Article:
parallels language required by the California Department of Health Services for all contracts with managed care organizations serving Medical beneficiaries. Similar provisions in Medicaid contracts have also been adopted by Missouri, Oregon, and Minnesota. Although such an agreement appropriately would provide for plan reimbursement for out-of-plan STD-related services, better methods are needed to document billing of the plan for their enrollees' use of such services. The language included in the Los Angeles County model contract suggests that the health department will divulge confidential patient information to the plan and may inhibit infected persons from seeking care-an outcome that would not be in the best interests of the plan or the larger community.
Public health surveillance is the process of collecting information regarding the frequency and distribution of disease or other health conditions among specific populations. Data are collected at local, regional, and national levels to (a) monitor trends in diseases and other health conditions, (b) identify problems that need intervention, (c) improve effectiveness of prevention or health care resources, and (d) evaluate the impact of specific interventions. The current national system for STD surveillance is a complex amalgam of different reporting systems from multiple sources.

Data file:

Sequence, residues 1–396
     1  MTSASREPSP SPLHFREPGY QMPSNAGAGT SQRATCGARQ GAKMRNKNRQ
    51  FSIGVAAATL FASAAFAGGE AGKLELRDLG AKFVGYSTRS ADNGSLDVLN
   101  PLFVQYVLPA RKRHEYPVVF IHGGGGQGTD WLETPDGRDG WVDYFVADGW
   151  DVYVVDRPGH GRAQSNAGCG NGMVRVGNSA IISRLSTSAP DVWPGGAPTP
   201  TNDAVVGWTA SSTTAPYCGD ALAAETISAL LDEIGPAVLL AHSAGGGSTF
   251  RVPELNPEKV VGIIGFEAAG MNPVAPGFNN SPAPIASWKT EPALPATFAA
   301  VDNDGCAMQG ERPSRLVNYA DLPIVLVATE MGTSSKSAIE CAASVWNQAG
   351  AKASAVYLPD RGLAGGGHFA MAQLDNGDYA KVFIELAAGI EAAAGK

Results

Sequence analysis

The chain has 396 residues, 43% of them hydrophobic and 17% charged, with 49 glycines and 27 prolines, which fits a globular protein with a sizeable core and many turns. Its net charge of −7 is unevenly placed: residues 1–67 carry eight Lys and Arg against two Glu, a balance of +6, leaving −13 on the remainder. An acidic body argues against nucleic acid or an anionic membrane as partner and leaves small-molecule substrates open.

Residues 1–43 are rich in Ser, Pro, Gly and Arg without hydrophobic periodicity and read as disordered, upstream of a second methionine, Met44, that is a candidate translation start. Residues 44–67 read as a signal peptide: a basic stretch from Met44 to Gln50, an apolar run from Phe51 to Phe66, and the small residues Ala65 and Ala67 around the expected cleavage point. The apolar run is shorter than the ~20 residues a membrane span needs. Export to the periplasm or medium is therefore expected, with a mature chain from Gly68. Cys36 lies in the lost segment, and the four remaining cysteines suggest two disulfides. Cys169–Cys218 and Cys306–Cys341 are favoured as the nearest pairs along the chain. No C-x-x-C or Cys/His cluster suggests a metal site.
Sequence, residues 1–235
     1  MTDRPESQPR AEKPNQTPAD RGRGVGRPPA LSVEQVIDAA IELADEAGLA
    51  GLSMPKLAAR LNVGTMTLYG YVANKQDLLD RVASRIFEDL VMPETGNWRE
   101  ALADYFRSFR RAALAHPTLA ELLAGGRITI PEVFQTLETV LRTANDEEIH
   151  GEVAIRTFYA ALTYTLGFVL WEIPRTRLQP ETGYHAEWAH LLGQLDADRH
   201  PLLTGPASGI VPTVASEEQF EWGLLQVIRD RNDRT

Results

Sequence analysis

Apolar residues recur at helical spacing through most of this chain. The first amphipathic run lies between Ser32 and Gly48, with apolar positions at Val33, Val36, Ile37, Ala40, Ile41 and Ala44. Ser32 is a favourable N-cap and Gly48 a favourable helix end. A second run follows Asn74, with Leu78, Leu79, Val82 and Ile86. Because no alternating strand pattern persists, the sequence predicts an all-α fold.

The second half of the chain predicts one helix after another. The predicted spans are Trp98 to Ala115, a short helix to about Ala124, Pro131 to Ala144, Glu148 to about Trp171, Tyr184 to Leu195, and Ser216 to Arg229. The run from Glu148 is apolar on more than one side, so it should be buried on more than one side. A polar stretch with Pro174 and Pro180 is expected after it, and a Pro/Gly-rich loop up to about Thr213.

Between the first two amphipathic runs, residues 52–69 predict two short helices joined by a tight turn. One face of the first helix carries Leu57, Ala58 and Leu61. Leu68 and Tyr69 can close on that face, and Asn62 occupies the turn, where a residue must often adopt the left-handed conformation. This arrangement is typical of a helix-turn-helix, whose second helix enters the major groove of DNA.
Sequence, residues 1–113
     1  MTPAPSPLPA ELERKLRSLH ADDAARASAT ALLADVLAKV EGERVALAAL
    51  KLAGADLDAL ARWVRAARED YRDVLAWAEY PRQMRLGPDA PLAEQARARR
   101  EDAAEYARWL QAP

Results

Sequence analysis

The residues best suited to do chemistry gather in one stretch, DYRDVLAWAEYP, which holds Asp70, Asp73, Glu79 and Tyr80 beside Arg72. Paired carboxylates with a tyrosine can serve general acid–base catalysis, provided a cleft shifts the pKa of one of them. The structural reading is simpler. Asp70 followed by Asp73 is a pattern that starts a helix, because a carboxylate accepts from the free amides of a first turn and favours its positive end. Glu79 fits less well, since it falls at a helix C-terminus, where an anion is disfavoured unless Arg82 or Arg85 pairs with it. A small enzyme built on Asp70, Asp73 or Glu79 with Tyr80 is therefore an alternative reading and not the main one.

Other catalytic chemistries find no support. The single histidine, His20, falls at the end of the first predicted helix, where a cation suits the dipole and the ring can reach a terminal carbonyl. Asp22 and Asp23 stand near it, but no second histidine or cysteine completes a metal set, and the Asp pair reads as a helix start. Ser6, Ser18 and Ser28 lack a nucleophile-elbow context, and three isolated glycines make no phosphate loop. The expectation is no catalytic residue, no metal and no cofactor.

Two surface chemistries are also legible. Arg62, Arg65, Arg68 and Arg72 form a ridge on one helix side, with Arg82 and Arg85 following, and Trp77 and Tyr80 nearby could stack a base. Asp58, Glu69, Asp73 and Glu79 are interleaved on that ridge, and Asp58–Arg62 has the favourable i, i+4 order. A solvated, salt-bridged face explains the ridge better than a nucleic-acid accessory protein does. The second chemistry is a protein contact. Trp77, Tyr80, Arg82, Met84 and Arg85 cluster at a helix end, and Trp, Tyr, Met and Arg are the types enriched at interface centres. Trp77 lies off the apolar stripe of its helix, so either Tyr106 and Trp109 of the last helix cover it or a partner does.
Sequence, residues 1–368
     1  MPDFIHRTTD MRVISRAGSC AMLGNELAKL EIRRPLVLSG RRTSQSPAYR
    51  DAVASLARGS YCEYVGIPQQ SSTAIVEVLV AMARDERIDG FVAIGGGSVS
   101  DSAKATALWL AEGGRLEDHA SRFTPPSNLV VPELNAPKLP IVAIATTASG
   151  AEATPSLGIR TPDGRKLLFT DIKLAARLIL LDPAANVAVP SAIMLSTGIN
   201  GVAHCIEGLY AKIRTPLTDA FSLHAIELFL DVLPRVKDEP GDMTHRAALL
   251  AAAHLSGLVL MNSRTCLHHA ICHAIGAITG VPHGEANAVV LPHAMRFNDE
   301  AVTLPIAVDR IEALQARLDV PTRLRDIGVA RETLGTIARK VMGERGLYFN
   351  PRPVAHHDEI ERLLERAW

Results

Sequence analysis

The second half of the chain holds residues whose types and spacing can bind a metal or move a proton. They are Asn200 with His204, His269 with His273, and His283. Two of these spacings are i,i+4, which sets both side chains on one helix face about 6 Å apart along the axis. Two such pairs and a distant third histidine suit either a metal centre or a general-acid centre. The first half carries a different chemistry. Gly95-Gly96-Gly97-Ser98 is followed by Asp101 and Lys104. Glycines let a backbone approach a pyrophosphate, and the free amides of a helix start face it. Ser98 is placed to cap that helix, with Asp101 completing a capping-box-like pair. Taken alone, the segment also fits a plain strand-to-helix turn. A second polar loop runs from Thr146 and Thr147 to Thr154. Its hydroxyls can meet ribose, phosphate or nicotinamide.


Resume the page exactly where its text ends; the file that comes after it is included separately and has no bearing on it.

The foundation of STD surveillance is the national public health notifiable disease reporting system, coordinated on a national basis by the CDC. This system is fundamentally a "passive" system, that is, reports are brought to the attention of public health officials when health care providers or laboratories submit a report of a positive laboratory test or clinical diagnosis of a reportable health condition. Active case finding is not routinely conducted. Each of the 50 states has the authority to declare certain diseases or health conditions that are to be reported by clinicians and laboratories. Syphilis and gonorrhea are reportable conditions in all 50 states; and 48 states (New York and Alaska are the exceptions) also require the reporting of chlamydial genital infection (CDC, 1995c). Other bacterial STDs, such as chancroid or lymphogranuloma venereum, are not consistently reported from state to state. Viral STDs, such as herpes simplex virus type 2 infections, are generally not well identified through this system.
In general, initial case reports generated by laboratories or providers are submitted to local public health departments and are, in turn, reported to state public health authorities. All states participate in a voluntary system whereby statewide notifiable disease data are reported to the CDC. National STD data reported by the CDC are compiled from individual reports from states, submitted without name identifiers. Not all states report uniform data to the CDC. For